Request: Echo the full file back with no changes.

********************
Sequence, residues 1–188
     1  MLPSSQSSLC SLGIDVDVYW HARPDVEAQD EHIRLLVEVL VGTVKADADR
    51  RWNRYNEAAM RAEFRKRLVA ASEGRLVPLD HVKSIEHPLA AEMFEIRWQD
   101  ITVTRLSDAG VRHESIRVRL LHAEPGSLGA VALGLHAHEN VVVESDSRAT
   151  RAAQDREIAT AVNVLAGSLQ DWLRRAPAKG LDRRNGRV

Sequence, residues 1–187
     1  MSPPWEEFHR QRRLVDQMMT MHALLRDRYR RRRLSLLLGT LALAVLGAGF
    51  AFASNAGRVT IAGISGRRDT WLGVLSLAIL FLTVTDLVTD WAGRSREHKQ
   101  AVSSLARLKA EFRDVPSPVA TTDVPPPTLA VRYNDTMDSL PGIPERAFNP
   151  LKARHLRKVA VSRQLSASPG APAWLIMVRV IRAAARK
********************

Sequence, residues 1–188
     1  MLPSSQSSLC SLGIDVDVYW HARPDVEAQD EHIRLLVEVL VGTVKADADR
    51  RWNRYNEAAM RAEFRKRLVA ASEGRLVPLD HVKSIEHPLA AEMFEIRWQD
   101  ITVTRLSDAG VRHESIRVRL LHAEPGSLGA VALGLHAHEN VVVESDSRAT
   151  RAAQDREIAT AVNVLAGSLQ DWLRRAPAKG LDRRNGRV

Sequence, residues 1–187
     1  MSPPWEEFHR QRRLVDQMMT MHALLRDRYR RRRLSLLLGT LALAVLGAGF
    51  AFASNAGRVT IAGISGRRDT WLGVLSLAIL FLTVTDLVTD WAGRSREHKQ
   101  AVSSLARLKA EFRDVPSPVA TTDVPPPTLA VRYNDTMDSL PGIPERAFNP
   151  LKARHLRKVA VSRQLSASPG APAWLIMVRV IRAAARK